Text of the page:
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A "spray-on skin" which coats a wound with a layer of skin cells could help healing, according to US and Canadian researchers. The spray was tested on 228 people with leg ulcers, which are painful open wounds that can last for months. The findings, published in the Lancet, showed that ulcers treated with the spray were more likely to heal and did so more quickly.
Leg ulcers are hard to treat. The best treatment, compression bandages, will heal only about 70% of ulcers after six months. Other options include taking skin from somewhere else on the body and grafting it over the wound. Instead the spray puts a coating of donated skin cells and blood-clotting proteins over the ulcer.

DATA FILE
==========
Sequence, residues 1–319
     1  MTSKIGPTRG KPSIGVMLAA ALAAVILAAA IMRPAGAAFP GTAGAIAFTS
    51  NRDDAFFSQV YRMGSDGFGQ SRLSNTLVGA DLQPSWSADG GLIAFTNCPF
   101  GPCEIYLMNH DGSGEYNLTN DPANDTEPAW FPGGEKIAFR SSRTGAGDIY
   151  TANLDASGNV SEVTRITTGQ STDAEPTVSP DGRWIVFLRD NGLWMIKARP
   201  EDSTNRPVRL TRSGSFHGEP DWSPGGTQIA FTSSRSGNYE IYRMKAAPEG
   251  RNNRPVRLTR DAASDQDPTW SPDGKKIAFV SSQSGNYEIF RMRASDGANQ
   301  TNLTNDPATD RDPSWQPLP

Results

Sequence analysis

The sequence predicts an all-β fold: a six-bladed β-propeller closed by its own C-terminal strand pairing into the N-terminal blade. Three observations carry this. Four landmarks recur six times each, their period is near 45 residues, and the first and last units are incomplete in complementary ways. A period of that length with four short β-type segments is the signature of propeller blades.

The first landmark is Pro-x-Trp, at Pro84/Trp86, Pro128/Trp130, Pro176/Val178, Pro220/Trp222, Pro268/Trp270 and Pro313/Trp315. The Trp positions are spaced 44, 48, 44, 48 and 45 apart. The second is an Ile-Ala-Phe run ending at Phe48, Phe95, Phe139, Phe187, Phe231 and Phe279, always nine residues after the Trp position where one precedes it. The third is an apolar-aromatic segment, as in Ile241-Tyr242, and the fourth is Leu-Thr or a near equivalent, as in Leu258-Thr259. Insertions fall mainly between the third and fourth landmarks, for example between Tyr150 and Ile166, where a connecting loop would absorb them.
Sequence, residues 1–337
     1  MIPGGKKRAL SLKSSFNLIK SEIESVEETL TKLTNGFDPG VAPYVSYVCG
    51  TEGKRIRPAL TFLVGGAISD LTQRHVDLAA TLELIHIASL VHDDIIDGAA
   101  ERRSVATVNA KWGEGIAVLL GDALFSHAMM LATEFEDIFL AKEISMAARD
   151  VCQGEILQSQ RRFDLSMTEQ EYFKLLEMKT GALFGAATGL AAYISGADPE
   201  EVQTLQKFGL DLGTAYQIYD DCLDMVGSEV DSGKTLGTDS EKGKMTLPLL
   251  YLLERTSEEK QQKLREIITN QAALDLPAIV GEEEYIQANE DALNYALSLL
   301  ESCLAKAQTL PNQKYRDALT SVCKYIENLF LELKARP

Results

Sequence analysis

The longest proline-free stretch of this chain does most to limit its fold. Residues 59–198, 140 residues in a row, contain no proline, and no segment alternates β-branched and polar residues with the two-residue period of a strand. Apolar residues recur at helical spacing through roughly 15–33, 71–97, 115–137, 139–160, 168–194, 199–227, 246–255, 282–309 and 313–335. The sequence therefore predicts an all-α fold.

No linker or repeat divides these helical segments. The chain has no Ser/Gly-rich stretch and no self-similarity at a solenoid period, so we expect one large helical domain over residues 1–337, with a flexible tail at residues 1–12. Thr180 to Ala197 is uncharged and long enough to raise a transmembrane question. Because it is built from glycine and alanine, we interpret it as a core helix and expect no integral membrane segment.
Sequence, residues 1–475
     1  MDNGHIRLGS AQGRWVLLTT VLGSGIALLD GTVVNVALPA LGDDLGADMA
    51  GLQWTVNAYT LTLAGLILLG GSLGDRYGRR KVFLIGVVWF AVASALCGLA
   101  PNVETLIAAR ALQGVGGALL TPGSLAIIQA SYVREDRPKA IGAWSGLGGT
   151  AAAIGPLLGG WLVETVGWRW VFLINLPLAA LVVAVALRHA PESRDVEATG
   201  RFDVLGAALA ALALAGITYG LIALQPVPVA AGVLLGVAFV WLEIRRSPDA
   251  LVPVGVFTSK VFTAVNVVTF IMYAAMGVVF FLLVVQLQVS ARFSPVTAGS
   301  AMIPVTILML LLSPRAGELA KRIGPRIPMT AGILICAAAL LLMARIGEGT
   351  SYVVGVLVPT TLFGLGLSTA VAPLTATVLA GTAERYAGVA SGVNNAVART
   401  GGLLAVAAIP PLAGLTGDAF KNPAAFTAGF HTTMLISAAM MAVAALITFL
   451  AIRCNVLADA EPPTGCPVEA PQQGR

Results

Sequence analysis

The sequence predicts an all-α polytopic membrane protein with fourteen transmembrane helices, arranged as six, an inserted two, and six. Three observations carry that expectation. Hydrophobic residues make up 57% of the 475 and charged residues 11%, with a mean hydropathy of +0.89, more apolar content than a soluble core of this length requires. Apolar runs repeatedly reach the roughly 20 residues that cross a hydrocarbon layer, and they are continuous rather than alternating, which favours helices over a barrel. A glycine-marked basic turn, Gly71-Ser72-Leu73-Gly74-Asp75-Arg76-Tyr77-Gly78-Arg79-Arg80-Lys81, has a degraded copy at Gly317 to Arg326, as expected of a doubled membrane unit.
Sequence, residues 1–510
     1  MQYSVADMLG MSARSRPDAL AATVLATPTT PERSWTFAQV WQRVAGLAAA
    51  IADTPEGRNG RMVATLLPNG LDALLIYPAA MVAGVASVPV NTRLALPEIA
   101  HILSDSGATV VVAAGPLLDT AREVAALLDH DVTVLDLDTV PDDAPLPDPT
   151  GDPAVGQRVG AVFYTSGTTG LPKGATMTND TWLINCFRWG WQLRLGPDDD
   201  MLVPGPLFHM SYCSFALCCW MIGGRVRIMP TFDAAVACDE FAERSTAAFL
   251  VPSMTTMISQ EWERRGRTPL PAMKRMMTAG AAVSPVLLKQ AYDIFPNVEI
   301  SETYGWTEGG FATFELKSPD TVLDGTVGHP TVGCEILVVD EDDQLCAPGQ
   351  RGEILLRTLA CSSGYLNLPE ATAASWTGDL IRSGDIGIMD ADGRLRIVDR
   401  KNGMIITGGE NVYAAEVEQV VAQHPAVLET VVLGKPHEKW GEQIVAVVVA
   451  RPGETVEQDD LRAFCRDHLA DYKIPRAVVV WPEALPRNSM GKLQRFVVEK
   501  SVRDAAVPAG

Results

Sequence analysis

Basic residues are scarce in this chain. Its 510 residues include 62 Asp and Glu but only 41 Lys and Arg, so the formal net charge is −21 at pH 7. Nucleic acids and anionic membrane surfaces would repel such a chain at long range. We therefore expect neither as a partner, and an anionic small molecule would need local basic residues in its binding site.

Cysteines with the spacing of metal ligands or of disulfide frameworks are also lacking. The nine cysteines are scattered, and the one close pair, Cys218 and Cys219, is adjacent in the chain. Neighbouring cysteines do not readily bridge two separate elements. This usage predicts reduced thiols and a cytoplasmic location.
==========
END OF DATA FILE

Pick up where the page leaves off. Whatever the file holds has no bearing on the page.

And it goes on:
One of the scientists involved, Dr Herbert Slade, said: "The treatment we tested in this study has the potential to vastly improve recovery times and overall recovery from leg ulcers, without the need for a skin graft. "This means not only that the patient doesn't acquire a new wound where the graft is taken from, but also that the spray-on solution can be available as soon as required - skin grafts take a certain amount of time to prepare, which exposes the patient to further discomfort and risk of infection."
"We do know that leg ulcers are becoming increasingly complex and when using the range of treatments available there needs to be clear evidence that there will be a beneficial effect to ensure cost effectiveness and to make sure that patients are not given false expectations of a cure."